Mayim Bialik guest hosting Jeopardy!

Breaking Down the Mayim Bialik Backlash

I'll take controversy for 200.

Following the death of pop culture legend/national treasure Alex Trebek, the internet was consumed with trying to predict who would fill his highly regarded shoes as the host of NBC’s long-running trivia show, Jeopardy!. After an interim period in which all sorts of celebrities—from Anderson Cooper to LeVar Burton—hosted, producers landed on Blossom and The Big Bang Theory alum Mayim Bialik as the permanent host (alongside Ken Jennings) for the syndicated series.

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While many were excited to see a woman at the helm of Jeopardy! (and one with a legitimate background in neuroscience, no less), it didn’t take much time for rumblings to emerge online about some controversial comments Bialik has made in the past. Though the scope of controversy was nowhere near comparable to the scandal surrounding Mike Richards (whom Bialik and Jennings were chosen to replace), the sizable pushback to an otherwise beloved actress and neuroscientist left many wondering why Mayim Bialik was catching so much heat online.

Mayim Bialik’s controversial stance on vaccines

One key element to keep in mind is that Bialik began her duties as Jeopardy! host in 2021, barely a year after the COVID-19 pandemic swept the globe and sparked an ongoing international debate about the merits and ethics of vaccination. It was around this time that clips began to circulate online featuring a segment from Bialik’s book, Beyond the Sling, in which she revealed her stance on vaccinations. Bialik wrote that she and her partner “made an informed decision not to vaccinate our children, but,” she added, “this is a very personal decision that should be made only after sufficient research, which today is within reach of every parent who seeks to learn about their child’s health regardless of their medical knowledge or educational status.”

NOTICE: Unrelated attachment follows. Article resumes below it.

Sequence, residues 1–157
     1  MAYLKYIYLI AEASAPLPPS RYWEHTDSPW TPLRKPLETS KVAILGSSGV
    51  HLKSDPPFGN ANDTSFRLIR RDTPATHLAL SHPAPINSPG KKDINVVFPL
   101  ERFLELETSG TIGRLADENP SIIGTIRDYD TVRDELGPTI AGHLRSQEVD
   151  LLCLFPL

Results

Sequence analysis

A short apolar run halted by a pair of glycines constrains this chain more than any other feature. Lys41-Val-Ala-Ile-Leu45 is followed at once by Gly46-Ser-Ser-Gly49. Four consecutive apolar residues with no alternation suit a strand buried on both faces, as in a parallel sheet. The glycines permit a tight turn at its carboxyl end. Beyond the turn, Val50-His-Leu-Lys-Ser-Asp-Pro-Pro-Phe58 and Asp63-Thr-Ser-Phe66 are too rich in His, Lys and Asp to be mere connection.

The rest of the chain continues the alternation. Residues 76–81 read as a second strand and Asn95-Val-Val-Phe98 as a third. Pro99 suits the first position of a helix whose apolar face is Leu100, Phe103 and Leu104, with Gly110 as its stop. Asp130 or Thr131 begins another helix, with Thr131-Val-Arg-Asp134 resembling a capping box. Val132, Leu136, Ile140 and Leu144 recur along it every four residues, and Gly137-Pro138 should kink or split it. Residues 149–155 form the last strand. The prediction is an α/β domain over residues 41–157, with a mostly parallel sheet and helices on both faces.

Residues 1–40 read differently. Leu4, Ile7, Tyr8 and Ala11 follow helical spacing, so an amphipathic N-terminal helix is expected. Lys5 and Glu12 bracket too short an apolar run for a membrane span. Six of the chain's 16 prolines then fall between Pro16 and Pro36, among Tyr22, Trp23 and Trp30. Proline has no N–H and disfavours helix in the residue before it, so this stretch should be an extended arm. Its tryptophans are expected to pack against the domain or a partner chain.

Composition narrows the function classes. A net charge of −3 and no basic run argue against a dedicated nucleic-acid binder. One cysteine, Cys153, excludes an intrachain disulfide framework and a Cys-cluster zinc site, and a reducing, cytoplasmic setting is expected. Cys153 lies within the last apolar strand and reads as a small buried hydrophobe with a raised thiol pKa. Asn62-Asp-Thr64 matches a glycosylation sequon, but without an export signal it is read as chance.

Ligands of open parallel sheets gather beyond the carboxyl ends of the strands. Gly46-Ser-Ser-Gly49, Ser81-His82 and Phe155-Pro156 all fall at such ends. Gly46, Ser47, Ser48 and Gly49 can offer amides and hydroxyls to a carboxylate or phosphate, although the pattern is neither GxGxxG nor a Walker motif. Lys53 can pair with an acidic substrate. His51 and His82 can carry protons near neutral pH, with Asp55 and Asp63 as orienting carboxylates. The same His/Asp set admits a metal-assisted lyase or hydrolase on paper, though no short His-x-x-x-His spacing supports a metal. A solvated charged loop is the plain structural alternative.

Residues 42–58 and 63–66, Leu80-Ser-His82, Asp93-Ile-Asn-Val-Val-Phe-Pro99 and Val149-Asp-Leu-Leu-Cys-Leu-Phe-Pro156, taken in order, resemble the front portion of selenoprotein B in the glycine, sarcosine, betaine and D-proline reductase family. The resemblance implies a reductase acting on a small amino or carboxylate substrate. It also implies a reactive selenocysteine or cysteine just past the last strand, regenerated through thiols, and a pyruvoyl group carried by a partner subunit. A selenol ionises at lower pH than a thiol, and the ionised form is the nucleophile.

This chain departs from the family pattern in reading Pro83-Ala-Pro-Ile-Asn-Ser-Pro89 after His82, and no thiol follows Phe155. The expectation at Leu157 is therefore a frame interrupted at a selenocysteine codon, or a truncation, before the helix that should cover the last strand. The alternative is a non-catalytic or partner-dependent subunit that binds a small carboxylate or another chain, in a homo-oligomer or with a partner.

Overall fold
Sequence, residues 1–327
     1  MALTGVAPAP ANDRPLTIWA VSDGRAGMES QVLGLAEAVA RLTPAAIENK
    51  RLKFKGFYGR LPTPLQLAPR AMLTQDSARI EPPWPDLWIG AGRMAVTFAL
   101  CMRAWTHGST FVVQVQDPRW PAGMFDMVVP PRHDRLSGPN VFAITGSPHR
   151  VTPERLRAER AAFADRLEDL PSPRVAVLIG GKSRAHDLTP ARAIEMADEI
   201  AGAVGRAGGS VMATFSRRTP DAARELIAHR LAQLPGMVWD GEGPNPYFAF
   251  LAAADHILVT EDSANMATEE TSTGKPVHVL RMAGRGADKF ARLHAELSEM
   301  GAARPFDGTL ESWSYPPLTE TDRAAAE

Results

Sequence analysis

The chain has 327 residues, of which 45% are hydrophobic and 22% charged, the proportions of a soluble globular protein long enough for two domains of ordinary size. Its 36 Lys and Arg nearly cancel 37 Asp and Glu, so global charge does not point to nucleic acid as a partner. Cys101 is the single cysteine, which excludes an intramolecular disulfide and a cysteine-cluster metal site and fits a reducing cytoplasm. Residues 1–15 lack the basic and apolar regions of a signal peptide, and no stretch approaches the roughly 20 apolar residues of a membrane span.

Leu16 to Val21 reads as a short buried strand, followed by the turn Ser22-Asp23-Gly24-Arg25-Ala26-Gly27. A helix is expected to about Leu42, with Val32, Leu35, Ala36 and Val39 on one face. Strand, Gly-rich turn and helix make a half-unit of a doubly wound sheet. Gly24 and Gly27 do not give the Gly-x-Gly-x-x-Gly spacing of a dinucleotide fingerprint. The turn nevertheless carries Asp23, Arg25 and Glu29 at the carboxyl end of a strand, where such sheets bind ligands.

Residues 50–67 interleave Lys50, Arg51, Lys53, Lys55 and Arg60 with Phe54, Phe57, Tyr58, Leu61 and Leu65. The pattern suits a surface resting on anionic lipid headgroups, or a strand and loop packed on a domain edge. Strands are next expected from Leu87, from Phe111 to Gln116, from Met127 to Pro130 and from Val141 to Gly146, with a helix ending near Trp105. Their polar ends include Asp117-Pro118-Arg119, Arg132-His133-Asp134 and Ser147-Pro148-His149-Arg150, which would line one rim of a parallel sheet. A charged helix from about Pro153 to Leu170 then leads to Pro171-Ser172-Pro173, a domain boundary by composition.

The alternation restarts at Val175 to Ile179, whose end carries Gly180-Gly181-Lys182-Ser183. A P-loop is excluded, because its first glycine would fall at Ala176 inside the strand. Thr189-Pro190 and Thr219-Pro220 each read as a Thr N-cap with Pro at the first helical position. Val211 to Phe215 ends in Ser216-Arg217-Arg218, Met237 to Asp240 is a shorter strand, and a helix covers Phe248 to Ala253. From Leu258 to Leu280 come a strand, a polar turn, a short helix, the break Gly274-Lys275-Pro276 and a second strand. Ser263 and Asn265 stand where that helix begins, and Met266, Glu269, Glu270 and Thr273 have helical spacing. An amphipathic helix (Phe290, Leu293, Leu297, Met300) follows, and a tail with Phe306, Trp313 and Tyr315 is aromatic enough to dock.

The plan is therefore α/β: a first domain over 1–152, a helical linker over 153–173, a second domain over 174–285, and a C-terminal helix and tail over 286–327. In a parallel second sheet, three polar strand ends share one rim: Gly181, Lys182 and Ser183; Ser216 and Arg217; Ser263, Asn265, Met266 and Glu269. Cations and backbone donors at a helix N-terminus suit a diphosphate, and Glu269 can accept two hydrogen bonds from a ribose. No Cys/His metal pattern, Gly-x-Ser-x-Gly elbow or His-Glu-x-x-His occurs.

Though it’s certainly not the most inflammatory statement made regarding vaccines, Bialik’s decision not to vaccinate her children drew criticism from many, especially considering the widespread push for Americans to get the COVID-19 vaccine. Fans were also surprised at Bialik’s skepticism of vaccines considering her scientific background; many assumed that an actress with a doctorate in neuroscience would be an advocate for vaccines, not an opponent.

Her new position

Following the backlash to her comments, though, Bialik clarified her current stance on vaccines, emphasizing that her children have been vaccinated for COVID-19, telling Yahoo: “It’s not, ‘I’m pro every single vaccine that anyone talks about all the time everywhere, every single minute.’ I have a lot of questions about the vaccine industry, as do a lot of people. I have a lot of questions about the profits involved. [But] when it comes to this virus, the insidiousness of this virus, the way this virus works, the way that it adapts, we absolutely need to see this as distinctly different from the flu.”